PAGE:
On the operating environment for civil society organisations and human rights defenders

    • The ongoing and intensifying clampdown on CSOs and HRDs ahead of the referendum remains a matter of the greatest concern and has impacted negatively on the pre-referendum environment. The assault on CSOs has been strategic, intentional, well-planned, well-resourced and implemented. It has targeted organisations carrying out lawful activities that, for unknown reasons, appear to be a threat to certain institutions and actors. These include mobilisers, civic educators, human rights monitors, and service providers.
    • Since November 2012, police have, amongst others, raided premises of 5 major CSOs, namely Counseling Services Unit, Zimbabwe Human Rights Association, Zimbabwe Peace Project, Zimbabwe Election Support Network, and Radio Dialogue. These searches have been conducted in terms of search warrants that are broad, vague and subject to legal challenge. As a result of these searches, personnel and Board members have been charged with varying offences that range from operating unregistered organisations, committing forgery, fraud and other related offences which beggar belief. A total of 358 HRDs from CSOs have either been harassed through interrogation, arrest and detention, although subsequently being released without charge in the majority of cases since November 2012. Only 18 out of the 358 HRDs from CSOs have been charged and taken to court. In most cases taken to court, the prosecutors have declined to prosecute.
    • The ZRP has used several public platforms, including an appearance in Parliament and press conferences to intimidate and issue threats and false information against CSOs – some named, and some unnamed. The GPA requirement for reform of such institutions and actors, and a cessation of politically-motivated attacks, has been largely ignored.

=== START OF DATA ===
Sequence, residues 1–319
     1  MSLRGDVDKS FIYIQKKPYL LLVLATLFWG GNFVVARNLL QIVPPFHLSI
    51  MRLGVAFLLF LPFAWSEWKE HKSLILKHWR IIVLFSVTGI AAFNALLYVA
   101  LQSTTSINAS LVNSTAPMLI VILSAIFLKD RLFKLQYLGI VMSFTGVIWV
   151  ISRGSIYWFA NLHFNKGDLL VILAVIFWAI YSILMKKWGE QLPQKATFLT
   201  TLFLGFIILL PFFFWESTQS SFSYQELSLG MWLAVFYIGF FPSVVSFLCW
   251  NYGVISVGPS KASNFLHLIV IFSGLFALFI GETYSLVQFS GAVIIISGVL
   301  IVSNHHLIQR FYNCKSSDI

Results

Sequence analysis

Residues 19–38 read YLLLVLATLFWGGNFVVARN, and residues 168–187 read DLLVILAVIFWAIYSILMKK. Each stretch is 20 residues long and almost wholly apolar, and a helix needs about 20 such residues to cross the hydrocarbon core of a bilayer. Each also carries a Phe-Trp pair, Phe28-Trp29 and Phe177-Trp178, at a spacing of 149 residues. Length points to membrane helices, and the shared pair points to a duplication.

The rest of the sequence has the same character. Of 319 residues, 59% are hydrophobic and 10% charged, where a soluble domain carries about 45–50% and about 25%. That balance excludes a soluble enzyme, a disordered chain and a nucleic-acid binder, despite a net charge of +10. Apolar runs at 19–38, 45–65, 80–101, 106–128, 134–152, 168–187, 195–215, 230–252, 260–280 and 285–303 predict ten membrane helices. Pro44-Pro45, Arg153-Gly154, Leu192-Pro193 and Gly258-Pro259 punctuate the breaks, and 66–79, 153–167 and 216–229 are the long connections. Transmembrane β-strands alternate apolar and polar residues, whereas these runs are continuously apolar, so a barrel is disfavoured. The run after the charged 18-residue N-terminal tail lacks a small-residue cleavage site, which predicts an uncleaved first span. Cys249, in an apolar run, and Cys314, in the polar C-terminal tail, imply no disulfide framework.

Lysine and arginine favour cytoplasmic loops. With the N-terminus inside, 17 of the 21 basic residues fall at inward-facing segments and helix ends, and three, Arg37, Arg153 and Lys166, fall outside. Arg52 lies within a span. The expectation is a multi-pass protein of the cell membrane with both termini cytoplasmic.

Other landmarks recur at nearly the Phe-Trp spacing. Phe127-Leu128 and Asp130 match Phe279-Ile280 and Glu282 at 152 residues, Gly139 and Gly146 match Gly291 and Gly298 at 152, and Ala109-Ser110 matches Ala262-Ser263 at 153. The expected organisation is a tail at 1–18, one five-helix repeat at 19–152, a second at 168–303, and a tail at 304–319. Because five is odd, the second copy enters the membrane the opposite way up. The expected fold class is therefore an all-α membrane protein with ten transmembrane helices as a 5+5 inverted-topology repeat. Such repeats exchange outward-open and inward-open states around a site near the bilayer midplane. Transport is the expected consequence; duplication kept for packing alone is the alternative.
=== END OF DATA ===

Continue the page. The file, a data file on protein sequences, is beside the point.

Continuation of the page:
• The state-controlled media and aligned outlets have stepped up their defamatory and false publications against these same CSOs as part of the sustained assault. Hate speech and incitement against CSOs and HRDs has become alarming, and has the potential to escalate out of control due to slow processes of achieving legal redress and general impunity of such state media practitioners and media houses.

    Concluding remarks

    One of the greatest challenges in the run up to the referendum has been the preoccupation of the three political parties to the IG with ensuring that the draft constitution is accepted in the national plebiscite. This has caused the IG to render secondary other key reforms and processes outlined in the GPA. These include substantive legislative and institutional reform as well as the stemming of bad administrative practices and the escalating impunity for violations of laws and current constitutional safeguards. In particular, the assault on civil society must be comprehensively addressed if the country is not to lose its only remaining independent voice ahead of critical elections.

    ZLHR believes that, in spite of the challenges that have faced this constitution-making process, a step forward has been taken in terms of generating debate and a greater interest in constitutional matters, as well as debate around issues of constitutionalism. The process has taken place in an extremely difficult environment, but nevertheless, there is a general willingness and interest in the pursuit of a better constitution for Zimbabwe and this must be encouraged and kept alive. However, the key issues of concern remain – that we have an environment that has been less than conducive to free debate, agents who continue with their old practices of violating fundamental rights and freedoms with impunity, and preventing the sharing and dissemination of information. An inch has not been moved towards correcting this and this will adversely impact the efforts towards a free and fair election if it is not addressed urgently and with political will.